Saturday, February 25, 2006

What's in the Cards

Columnist Geov Parrish calls the Samarra mosque bombing "Iraq's 9-11", saying:

It's almost impossible to overstate the importance of Wednesday Morning's destruction of the Askari mosque, a key Shi'a shrine, in Samarra, Iraq. The response, of course, has been swift, violent, and overwhelming. As of late Thursday Iraq time, the Australian Broadcast Corp. placed the national death toll from reprisals at 130, with most of the victims being Sunni. The hardline Sunni Clerical Association of Muslim Scholars claimed that 168 Sunni mosques have been attacked, and some burned to the ground, with 10 imams murdered and another 15 kidnapped since the bombing....

In other words, it's a mess.... While the majority of Iraqis almost certainly want to avoid all-out civil war, with so much weaponry in the country and such a long history of injustices perpetrated by all sides, this may have been the match that lit the tinderbox.

What can the United States do? Almost nothing.... As the inevitable waves of violence and counter-violence wear on, America is left with virtually no friends on any side, and virtually no credibility (other than its sheer military manpower, which it has been reluctant to deploy en masse) as a mediator that can stop the bloodshed. One of the likeliest outcomes of this attack is an escalation, perhaps a dramatic one, in Iraq's civil war.... But don't look for the withdrawal of American troops from Iraq any time soon. President Bush will keep them there due to the civil war and may perhaps even expand their presence, ostensibly to curb the violence -- even though we likely will provoke far more violence than we prevent.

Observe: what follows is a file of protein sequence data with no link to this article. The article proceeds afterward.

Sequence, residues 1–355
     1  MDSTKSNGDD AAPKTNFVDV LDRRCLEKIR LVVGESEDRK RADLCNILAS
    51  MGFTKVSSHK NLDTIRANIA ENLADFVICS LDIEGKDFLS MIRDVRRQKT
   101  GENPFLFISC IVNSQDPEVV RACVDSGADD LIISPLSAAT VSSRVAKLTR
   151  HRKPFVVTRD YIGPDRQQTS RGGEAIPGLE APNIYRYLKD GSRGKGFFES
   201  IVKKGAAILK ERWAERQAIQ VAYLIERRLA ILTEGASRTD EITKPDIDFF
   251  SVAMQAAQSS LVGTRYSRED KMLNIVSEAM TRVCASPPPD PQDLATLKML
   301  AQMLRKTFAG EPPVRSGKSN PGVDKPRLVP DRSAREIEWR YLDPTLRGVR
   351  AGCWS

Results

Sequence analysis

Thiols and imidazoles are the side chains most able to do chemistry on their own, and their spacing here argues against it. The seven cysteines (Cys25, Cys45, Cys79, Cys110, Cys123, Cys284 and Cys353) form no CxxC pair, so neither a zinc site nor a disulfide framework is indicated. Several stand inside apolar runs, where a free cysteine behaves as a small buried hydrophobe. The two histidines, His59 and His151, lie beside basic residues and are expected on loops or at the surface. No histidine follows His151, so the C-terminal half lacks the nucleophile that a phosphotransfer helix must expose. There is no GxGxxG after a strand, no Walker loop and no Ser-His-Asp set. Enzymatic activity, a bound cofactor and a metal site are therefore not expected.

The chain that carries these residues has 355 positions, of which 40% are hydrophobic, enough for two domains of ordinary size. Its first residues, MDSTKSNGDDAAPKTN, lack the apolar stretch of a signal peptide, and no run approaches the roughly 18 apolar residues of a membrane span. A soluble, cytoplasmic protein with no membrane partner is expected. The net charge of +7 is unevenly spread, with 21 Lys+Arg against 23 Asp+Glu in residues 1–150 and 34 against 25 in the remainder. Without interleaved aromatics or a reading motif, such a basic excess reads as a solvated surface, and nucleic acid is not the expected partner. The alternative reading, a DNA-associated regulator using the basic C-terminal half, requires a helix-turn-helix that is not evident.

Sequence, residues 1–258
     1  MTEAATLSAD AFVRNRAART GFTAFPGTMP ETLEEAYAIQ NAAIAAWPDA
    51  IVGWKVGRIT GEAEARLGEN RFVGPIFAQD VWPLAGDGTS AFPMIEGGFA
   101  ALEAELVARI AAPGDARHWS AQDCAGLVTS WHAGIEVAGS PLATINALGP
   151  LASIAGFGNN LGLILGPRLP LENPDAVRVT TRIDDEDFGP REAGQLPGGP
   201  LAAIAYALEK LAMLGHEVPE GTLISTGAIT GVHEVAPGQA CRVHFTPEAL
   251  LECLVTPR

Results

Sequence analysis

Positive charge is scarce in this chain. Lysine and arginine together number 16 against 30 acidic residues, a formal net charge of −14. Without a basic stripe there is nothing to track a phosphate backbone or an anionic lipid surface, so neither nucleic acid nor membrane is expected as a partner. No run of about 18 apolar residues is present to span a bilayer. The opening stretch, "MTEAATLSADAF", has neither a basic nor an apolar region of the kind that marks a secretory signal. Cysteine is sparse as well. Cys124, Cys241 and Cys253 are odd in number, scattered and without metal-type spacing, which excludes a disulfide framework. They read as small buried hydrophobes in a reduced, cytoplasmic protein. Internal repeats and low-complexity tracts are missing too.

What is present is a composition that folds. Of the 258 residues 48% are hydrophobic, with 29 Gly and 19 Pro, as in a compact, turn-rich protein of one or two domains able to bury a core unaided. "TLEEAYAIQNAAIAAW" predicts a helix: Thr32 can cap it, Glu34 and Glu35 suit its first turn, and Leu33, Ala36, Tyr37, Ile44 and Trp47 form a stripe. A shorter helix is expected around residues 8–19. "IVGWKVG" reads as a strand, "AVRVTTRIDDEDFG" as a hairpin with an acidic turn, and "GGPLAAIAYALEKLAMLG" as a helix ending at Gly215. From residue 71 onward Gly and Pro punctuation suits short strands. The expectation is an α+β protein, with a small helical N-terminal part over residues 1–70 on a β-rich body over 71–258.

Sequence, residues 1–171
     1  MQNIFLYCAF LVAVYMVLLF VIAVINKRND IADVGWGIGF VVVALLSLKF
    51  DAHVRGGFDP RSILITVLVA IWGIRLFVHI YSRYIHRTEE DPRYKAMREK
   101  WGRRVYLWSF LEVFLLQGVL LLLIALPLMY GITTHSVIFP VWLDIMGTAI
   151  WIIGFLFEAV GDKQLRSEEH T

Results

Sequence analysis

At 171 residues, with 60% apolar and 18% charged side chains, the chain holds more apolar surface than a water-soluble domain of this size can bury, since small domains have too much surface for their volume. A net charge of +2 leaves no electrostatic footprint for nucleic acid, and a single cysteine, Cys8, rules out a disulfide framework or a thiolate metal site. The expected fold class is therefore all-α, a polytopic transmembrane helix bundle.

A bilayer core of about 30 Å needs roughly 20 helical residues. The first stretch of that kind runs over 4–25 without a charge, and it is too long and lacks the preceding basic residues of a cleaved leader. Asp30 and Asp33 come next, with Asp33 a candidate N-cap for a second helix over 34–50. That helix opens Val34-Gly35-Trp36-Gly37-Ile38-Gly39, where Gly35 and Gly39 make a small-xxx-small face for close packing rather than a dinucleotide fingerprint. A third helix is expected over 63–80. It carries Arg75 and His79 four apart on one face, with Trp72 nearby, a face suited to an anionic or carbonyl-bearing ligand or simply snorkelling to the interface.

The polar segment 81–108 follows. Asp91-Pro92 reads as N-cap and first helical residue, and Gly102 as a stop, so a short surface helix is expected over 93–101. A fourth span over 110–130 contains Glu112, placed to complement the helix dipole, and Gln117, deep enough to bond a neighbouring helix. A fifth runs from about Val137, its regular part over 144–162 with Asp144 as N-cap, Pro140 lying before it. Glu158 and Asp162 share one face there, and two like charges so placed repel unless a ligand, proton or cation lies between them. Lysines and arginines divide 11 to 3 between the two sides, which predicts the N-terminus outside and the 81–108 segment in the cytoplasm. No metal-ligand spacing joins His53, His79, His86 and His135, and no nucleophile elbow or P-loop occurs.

But the biggest fallout is likely to be political.... If the present government fails to form and/or disintegrates, the void is likely to be filled by more radical leaders, particularly clerics like al-Sadr.... Out of this chaos, he, or someone ideologically similar, could well be the one who seizes power -- If so, Iraq's transition from a savage secular dictatorship (under Saddam) to a savage cleric-led dictatorship, a transition made possible by George Bush, will be complete.

In the interim, there is an immediate and stark risk of even more of an escalation in Iraq's bloodshed, and, as has already been the case, the primary victims will be civilians... the bombing is a critical turning point. This has been an attack which has turned not only a mosque, but George Bush's entire Iraq policy, to rubble.
It has also just surfaced that we've had a bumper crop of "bad apples" recently; according to the Pentagon, 100 prisoners have died in US custody -- 34 of them, again according to the Pentagon, suspected or known homicides -- prisoners we've tortured to death, and, not wanting to be left out of good thing, more of our allies are getting in on the bloody action.

Meanwhile, on war's other front -- the home front, that is, as the grip of our dark overlords continues to tighten, even the voices of the right are starting to shout out warnings as the strangest of policies are being quietly implemented... and, dear reader, if you think events don't involve you,


Quote of the Day:
"First they came for the Communists, and I didn’t speak up, because I wasn’t a Communist.
Then they came for the Jews, and I didn’t speak up, because I wasn’t a Jew.
Then they came for the Catholics, and I didn’t speak up, because I was a Protestant.
Then they came for me, and by that time there was no one left to speak up for me."
--Pastor Martin Niemöller about the Nazi rise to power.

"A frog that jumps into boiling water will quickly jump out if it can. But if the frog is put in cool water and then the water is slowly warmed, it will remain until it is cooked, not recognizing the pending danger."
-- attributed to Professor Paul Dayton, Scripps Institution of Oceanography

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